A CMO and a CIO walk into a hotel bar (Let’s call them Tom and Dick). After ordering a drink, Tom says, “Dick, I really need to start working with a DMP this year, and I want your help selecting one.” Dick says, “A DMP? My enterprise architecture team is building a near real-time, self-service data management platform. We’ll be done by the end of the year. You’re going to love it in 2017!” With an absent look on his face, Tom says “A DMP is a piece of AdTech that we can use to quickly target tailored audiences with our ad campaigns. It’s not a back-office data warehouse”. Dick laughs and says, “Ad campaigns? Didn’t you just buy a campaign management tool from one of those so-called marketing cloud vendors? You know, our CRM system has a campaign module, not to mention an enormous customer database.” Tom’s response: “You’re not getting it. Cross-Channel Campaign Management is a MarTech tool, not CRM. And a DMP is not a customer database.” Exasperated, Dick shouts, “What the hell is the difference between MarTech and AdTech anyway!”
We all know the opening part of Pope’s often-quoted adage. Certainly some acquisitions in the enterprise marketing technology arena are now looking like foolish decisions. In yesterday’s 2015 trading update, SDL announced it will sell multiple products that are “non-core to its future strategy,” including social intelligence, campaign management, and its Fredhopper eCommerce recommendation engine. SDL paid $110 million for the first two solutions when it completed its acquisition of Alterian in early 2012. The SDL announcement echoes Teradata’s similar announcement in November to sell its marketing application division. Teradata acquired Aprimo in late 2010 for $525 million, and then added smaller acquisitions of eCircle, Argyle Social, Ozone, Apoxxee, and FLXone – the last pick-up coming less than one month before the sell-off announcement.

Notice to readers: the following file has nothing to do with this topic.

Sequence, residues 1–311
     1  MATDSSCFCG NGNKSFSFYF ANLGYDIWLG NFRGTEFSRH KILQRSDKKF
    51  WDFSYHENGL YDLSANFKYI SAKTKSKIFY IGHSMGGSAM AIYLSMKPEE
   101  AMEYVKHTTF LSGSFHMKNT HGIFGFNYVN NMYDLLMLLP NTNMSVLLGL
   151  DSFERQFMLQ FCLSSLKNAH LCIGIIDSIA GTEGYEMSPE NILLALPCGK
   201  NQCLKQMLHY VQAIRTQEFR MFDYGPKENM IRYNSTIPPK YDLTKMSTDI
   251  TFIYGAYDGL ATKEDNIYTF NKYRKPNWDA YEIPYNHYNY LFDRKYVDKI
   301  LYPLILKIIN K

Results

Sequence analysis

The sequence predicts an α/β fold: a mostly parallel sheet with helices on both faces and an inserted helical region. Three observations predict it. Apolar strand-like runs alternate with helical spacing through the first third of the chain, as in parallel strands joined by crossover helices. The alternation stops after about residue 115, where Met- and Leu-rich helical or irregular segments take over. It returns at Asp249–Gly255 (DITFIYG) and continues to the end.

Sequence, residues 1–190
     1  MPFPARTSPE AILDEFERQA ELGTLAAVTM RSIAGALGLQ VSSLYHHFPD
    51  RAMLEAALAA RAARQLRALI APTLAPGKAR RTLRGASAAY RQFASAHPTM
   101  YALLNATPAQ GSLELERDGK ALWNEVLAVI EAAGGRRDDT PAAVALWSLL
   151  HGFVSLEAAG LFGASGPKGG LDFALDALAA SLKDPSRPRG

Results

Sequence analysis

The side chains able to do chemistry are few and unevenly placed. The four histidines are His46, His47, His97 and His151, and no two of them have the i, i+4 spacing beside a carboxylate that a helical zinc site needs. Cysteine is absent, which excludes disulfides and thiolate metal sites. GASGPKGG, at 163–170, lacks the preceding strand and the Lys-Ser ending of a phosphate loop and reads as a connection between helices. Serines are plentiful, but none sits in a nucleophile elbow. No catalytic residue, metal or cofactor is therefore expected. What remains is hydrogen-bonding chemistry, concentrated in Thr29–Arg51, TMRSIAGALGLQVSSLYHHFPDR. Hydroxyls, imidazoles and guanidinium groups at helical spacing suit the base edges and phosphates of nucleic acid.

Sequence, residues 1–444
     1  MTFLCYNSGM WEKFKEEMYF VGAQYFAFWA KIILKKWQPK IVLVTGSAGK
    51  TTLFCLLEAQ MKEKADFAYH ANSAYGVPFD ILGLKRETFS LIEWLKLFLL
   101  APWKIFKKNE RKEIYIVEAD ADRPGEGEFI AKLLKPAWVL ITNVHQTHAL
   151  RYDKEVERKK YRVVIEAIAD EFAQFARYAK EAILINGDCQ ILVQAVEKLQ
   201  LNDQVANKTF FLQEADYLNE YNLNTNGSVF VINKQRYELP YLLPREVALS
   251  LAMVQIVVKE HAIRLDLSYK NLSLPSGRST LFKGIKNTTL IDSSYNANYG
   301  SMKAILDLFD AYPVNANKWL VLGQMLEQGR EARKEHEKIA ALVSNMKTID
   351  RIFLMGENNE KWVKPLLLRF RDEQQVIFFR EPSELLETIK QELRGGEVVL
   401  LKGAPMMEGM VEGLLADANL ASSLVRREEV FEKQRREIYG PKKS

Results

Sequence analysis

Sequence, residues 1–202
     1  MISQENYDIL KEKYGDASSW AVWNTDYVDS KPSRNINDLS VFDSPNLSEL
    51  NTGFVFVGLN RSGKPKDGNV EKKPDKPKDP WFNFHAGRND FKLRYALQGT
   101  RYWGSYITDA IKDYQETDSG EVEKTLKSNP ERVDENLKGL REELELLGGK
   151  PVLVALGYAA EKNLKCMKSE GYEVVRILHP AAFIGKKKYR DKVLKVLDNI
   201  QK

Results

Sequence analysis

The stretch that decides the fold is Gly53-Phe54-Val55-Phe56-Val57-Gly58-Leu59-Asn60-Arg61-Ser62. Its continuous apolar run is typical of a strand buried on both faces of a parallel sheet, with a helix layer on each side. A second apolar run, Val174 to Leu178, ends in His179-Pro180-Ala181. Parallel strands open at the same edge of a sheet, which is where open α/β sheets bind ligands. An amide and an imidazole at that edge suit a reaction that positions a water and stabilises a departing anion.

By breaking the marketing technology landscape into two basic categories -- systems of insight and systems of engagement -- the report both organizes an increasingly complex technology landscape and gives concrete examples of the types of solutions available to marketers today.
We’ve all seen comprehensive diagrams featuring hundreds of vendor logos across multiple marketing technology categories. So, when tasked with mapping the technologies required to deliver contextual marketing, I decided to simplify things. For more details, see my new report “Combine Systems Of Insight And Engagement For Contextual Marketing.”
Forrester has defined broad “systems of X” categories that include systems of record, design, operation/automation, insight, and engagement. The latter two lend themselves to the enterprise marketing technology landscape.
Real-time analytics and insights drive the contextual marketing engine (below), and these tools fit squarely into the systems of insight category. Customer data bases and big data repositories fuel the engine, and as customer behavior refreshes them frequently, they, too, are systems of insight (as opposed to more static systems of record).
To successfully grow in Asia Pacific (AP), you must excel at understanding customers’ needs, wants, and behaviors and have the capabilities necessary to transform this insight into improved customer engagement. But that’s true everywhere. What sets the AP region apart are the continued vast differences between markets. Appreciating these market differences, and the impact they have on customers’ expectations, is critical when sourcing enterprise marketing capabilities.